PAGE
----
everyone’s suggestions sound delicious . . . but my work potluck experiences have been very different.

I find, in the offices I’ve worked in, the dishes that go the fastest are the basic comfort food type dishes that people immediately recognize . . . . I need more interesting coworkers . . .


LOL, maybe it’s just that the crowd around here are the people who get asked to bring the less usual dishes? For instance, I don’t think I have ever met a lasagna I didn’t like. :wink:

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Denise, do you have a solid recipe for the pumpkin kibbeh? I also make one but my recipe is a mish mash that I’ve come up with from different Lebanese sites and, of all places, Emeril! It tastes good so I guess that’s what counts. It has a chickpea and spinach filling with a little sumac and pomegranate molasses.

Cafe Barada in Cambridge sometimes has it as a special in the fall, which is where we first tried it.

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Aha, the recipe will be the true test. I regularly buy squares of a delicious baked pumpkin kibbeh from Korbani’s Bakery in Methuen. But as my potluck will happen
midweek and it’s unlikely I’ll
be up that way, I want to try my hand at making my own. I hope to have test-driven recipe to share in about a week and a half.

Fingers crossed.

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Happy experimenting! And, good to know about Korbani’s. Thanks.

It’s also definitely a "know your audience " situation; generally our previous potlucks have been heavy on the pastas and casseroles (yes including the cream of who knowswhat variety of casserole) so the slightly different but not intimidating veggies worked
The Roasted butternut etc with pepitas sounds delicious - make it for yourself!

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I have to agree – work potlucks are not where I bring “different” dishes. I usually save those for get-togethers with friends and family. I brought in prosciutto melon skewers one time and my boss and I were literally the only people who ate them, because everyone else thought it was weird to eat fruit with meat. :roll_eyes:

Things that go over well at work potlucks (both at my current job and previous jobs as well) are things like macaroni and cheese, pasta salad, ceviche de jaiba (made with krab) with tortilla chips or tostadas (we are in SoCal so ceviche is always popular when it’s hot), the meatballs in grape jelly/BBQ sauce, baked potatoes with toppings (set up like a bar), chili (usually brought in a slow cooker), veggie trays, and fried chicken. Someone always brings some kind of fried chicken to our work potlucks!


Potluck was yesterday and it was great! @Ttrockwood was so on point with the above observation.

I made the baked pumpkin kibbeh to please the vegetarian and vegan contingent, but I hadn’t known there were in addition a number of folks who eat gluten-free. Doh! In any case, the kibbeh was a conversation starter and therefore appreciated even by the non-partakers. For example, I didn’t know that others in the crowd enjoy Lebanese food. Cool.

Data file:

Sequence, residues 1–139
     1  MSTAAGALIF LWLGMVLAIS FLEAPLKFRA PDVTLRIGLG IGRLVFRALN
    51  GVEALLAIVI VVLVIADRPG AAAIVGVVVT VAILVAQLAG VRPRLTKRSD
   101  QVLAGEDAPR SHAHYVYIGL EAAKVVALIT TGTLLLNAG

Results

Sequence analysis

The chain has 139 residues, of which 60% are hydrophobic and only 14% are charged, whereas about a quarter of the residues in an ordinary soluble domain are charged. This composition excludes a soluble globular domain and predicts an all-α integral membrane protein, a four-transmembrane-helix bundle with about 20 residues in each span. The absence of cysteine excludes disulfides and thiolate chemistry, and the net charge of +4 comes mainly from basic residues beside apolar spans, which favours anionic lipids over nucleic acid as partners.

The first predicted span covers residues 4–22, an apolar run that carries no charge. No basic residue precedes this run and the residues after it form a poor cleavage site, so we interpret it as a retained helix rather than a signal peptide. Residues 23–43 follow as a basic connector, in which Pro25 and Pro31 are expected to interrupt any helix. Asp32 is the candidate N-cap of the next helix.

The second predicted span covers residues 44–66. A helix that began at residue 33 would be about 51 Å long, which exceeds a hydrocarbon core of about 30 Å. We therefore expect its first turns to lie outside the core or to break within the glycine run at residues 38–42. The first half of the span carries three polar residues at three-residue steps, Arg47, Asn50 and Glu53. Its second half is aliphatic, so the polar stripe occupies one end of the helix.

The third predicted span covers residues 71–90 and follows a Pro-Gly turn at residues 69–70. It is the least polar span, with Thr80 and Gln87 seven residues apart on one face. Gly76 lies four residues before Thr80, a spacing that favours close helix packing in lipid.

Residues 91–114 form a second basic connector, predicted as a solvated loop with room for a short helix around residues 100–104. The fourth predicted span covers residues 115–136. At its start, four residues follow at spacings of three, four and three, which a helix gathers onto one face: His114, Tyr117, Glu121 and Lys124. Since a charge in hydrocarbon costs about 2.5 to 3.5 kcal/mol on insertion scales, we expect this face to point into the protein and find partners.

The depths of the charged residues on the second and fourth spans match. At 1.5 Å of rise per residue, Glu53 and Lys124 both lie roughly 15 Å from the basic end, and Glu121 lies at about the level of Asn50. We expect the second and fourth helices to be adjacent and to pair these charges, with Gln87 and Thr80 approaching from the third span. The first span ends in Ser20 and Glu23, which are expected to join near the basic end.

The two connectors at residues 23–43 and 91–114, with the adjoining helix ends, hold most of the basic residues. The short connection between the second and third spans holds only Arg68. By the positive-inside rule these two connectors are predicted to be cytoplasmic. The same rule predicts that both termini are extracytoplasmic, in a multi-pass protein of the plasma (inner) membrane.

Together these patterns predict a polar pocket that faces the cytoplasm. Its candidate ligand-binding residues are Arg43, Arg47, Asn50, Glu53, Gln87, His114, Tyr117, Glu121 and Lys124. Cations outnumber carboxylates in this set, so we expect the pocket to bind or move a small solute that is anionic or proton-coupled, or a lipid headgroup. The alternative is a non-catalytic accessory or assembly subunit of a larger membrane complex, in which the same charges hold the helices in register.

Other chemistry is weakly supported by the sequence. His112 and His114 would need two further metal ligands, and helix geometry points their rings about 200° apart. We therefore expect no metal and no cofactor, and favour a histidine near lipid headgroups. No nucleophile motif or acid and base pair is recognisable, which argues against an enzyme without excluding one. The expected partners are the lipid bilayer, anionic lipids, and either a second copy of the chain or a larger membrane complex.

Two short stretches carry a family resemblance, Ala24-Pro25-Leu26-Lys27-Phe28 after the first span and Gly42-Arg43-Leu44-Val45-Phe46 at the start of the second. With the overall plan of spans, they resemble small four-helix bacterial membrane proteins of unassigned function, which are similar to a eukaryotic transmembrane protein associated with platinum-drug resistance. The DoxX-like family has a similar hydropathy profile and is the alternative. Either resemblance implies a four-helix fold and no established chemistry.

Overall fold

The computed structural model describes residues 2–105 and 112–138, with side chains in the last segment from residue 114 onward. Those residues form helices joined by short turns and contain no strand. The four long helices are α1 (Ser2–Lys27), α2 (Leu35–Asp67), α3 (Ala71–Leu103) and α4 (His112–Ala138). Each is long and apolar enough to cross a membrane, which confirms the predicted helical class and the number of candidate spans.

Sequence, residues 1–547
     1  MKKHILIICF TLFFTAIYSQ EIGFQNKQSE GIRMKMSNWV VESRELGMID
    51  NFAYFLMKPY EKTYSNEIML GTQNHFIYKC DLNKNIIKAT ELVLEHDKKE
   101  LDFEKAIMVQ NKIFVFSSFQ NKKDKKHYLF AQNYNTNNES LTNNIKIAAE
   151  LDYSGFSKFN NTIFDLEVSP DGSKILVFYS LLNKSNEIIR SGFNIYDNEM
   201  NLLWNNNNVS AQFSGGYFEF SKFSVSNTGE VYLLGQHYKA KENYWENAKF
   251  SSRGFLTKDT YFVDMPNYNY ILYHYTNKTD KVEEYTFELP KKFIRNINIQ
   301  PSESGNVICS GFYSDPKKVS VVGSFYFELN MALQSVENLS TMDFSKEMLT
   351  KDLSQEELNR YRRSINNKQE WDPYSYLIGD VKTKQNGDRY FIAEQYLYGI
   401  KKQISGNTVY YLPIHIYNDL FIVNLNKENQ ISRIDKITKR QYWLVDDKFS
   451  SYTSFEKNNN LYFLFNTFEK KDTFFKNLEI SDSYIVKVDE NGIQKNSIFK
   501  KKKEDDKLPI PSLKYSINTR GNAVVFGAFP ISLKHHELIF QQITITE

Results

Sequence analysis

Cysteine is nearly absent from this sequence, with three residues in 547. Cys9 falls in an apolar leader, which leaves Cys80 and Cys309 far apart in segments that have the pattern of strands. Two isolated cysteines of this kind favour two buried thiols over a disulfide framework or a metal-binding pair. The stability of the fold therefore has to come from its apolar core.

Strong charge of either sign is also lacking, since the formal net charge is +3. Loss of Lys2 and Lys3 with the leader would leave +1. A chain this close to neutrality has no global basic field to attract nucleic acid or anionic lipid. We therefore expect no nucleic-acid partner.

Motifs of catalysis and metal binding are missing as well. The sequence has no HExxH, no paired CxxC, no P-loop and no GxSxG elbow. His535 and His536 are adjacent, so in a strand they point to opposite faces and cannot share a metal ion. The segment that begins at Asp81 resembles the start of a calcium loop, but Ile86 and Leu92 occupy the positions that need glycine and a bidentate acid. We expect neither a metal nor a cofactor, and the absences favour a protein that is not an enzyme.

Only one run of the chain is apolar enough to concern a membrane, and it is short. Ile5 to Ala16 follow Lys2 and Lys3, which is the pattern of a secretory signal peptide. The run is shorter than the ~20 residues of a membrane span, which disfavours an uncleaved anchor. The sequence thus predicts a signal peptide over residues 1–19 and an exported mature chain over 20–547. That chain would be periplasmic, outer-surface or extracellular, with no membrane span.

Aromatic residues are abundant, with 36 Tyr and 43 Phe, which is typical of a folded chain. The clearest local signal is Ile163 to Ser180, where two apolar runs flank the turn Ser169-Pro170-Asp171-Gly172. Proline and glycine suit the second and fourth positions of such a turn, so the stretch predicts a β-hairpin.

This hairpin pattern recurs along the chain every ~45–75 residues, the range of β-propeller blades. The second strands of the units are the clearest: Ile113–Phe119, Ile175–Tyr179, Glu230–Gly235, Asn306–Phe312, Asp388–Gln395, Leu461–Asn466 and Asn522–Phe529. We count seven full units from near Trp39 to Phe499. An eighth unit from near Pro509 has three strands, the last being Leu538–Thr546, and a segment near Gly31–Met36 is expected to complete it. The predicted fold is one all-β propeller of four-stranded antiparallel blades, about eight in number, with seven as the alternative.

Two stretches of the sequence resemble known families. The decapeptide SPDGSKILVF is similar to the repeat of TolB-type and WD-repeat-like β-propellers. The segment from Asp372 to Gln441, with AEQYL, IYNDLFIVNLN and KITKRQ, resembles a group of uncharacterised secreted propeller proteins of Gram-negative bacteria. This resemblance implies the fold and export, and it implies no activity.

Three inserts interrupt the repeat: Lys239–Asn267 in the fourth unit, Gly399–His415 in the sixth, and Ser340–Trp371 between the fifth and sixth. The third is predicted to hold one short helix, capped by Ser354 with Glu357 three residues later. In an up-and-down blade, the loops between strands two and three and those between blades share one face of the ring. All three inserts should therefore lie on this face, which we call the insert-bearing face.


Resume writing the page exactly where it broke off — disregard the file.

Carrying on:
One of my co-workers made a tray of caprese salad bites on small skewers and Greek salad bites using thick cucumber slices. (She hollowed a cup in each slice and filled it with diced ingredients.) Salad as finger food—inspired! Easy to eat while chatting.

With that, here are observations I’ll keep in mind for potlucks of the future:

  • Gluten-free items enjoyed by all were pasta salad and brownies

  • A 50/50 ratio of savories and sweets can go over well—seems like you can’t have too much dessert :wink:

@bear, I haven’t yet landed on the pumpkin kibbeh recipe of my dreams. I had to tinker too much so experiments will continue.


Thanks so much for the report. I’ll make it soon and report on my efforts. Glad the day went well! And, I wonder how a quinoa version would be for the gluten-free? It wouldn’t be my go-to, but might work in a broader setting.


The pumpkin kibbeh sounds really awesome to me! As a vegetarian i would have been SO appreciative of such a creative tasty contribution! And ya just can’t please them all or you end up with a vegan low carb paleo gluten free organic local dish of …naked lettuce leaves.
Those greek salad bits sound great but like a lot of fiddly work for a crowd, kudos that your coworker went to the effort!
We have a work potluck next week actually, but we’re doing three dishes per team so we don’t have way too many dishes that don’t serve that many people. It’s already been sorted out so i’ll just contribute $, but my dominican coworker is going to bring her mom’s (vegan by accident) beans and yellow rice so I’m excited for that. Another dish my team is bringing are empanadas from the guy with a cart on 39th st/broadway since he’s awesome, works 12hr days in the sub freezing weather, and we want to give him the business (i like his rice and beans with salad but haven’t had the empanadas since the dough uses legit lard).
Please do post your ultimate favorite version of the pumpkin kibbeh, I’ll certainly make it for myself at some point this winter!


How smart for a larger work group. Another tip!

P.S. That food cart with empanadas is another reason to love NYC. Yum.